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Intravascular catheter infection during 10,000 days of risk

Objective

To analyze central venous and artery catheterization-related infections in critical care.

Methods

It is a prospective study in a 20-bed medical surgical ICU. We included 500 patients, who had some catheter during 24 hours or more, admitted from 1 May 2000.

Results

The study finised on 26 February 2001. Included were 500 patients (58.20%). Mean age was 56.48 ± 17.60 years, APACHE II was 13.30 ± 5.24. Mortality was 15.80%. Patient distribution was: 47.4% cardiac surgery, 8% cardiologic, 6% respiratory, 4.6% digestive, 12% neurologic, 11% traumathology, 3.4% intoxication, 7.2% sepsis and 0.4% others. The number of central venous catheters and the length of stay (days) were: global 882 and 6226, peripheral access 182 and 1186, jugular 382 and 2258, subclavian 237 and 2118, femoral 81 and 664. Central venous catheter-related infections and bloodstream infections secondary to central venous catheter per 1000 days of catheterization were: general 4.81 and 1.44, peripheral access 2.52 and 0.84, jugular 6.20 and 0.88, subclavia 1.88 and 1.41, femoral 13.55 and 4.51. The number of artery catheters and the length of stay (days) were: global 675 and 3925, radial 578 and 3149, femoral 69 and 595, pedia 17 and 128, humeral 11 and 53. Artery catheter-related infections and bloodstream infections secondary to artery catheter per 1000 days of catheterization were: general 1.01 and 0.25, radial 0.95 and 0.31, femoral 1.68 and 0, pedia 0, humeral 0.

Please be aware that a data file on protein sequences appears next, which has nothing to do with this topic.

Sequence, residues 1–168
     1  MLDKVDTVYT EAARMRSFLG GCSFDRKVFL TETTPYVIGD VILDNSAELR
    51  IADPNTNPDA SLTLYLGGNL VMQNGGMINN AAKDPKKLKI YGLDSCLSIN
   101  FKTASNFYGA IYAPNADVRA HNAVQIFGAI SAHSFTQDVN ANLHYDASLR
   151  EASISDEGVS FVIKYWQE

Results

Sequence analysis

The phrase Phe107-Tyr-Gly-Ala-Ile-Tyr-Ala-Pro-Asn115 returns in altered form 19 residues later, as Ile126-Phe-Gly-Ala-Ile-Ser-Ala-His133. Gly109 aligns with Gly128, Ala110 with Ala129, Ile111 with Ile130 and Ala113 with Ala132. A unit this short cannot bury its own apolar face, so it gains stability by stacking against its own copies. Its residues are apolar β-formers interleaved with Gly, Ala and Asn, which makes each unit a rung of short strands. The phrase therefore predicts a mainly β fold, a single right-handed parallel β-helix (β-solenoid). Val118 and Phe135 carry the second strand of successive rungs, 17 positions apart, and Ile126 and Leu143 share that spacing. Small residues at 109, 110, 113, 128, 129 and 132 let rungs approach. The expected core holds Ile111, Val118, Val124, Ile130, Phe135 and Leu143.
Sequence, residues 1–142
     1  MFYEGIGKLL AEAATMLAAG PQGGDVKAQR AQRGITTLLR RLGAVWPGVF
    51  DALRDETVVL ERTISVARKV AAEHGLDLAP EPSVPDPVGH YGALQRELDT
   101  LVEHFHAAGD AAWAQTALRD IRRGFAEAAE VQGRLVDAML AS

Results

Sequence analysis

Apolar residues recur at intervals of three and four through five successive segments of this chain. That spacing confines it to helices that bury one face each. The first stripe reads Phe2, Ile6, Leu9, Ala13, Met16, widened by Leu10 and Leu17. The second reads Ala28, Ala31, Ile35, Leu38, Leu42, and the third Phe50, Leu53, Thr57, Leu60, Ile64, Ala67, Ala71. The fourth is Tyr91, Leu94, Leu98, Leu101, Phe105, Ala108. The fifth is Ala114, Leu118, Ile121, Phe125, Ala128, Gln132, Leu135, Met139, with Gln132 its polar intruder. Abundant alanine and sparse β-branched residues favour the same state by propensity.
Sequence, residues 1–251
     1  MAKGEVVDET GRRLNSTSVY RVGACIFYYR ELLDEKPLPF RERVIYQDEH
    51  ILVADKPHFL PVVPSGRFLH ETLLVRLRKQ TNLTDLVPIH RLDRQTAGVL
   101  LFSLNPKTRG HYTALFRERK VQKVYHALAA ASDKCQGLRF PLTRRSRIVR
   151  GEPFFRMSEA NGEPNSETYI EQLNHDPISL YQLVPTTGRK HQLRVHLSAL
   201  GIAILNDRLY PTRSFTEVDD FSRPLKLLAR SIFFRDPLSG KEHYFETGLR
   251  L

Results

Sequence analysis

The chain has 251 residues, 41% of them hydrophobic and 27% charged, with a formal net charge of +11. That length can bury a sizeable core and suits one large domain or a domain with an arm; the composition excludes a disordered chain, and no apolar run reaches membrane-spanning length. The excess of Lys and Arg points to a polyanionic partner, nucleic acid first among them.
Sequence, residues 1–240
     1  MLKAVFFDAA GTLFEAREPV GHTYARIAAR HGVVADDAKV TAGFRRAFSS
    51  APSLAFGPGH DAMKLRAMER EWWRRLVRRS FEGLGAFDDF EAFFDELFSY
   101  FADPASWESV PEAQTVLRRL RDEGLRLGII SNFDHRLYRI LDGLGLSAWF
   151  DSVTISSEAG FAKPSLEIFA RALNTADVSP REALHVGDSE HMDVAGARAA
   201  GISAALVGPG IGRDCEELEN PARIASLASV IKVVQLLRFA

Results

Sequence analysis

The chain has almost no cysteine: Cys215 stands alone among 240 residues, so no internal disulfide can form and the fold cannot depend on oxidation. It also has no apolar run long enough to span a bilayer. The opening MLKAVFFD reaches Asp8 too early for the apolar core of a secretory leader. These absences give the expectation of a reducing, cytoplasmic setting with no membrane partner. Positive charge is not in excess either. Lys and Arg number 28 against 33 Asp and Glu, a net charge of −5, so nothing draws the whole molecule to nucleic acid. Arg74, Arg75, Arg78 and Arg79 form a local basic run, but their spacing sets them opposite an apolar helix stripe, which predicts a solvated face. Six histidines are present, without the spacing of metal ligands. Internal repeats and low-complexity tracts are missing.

Conclusions

There were more intravascular catheter infections in central venous catheters and in femoral localization.

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Lorente, L., García, C., Martín, M. et al. Intravascular catheter infection during 10,000 days of risk. Crit Care 7, P121 (2003). https://doi.org/10.1186/cc2010

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  • DOI: https://doi.org/10.1186/cc2010

Keywords

  • Public Health
  • Catheter
  • Emergency Medicine
  • Critical Care
  • Central Venous Catheter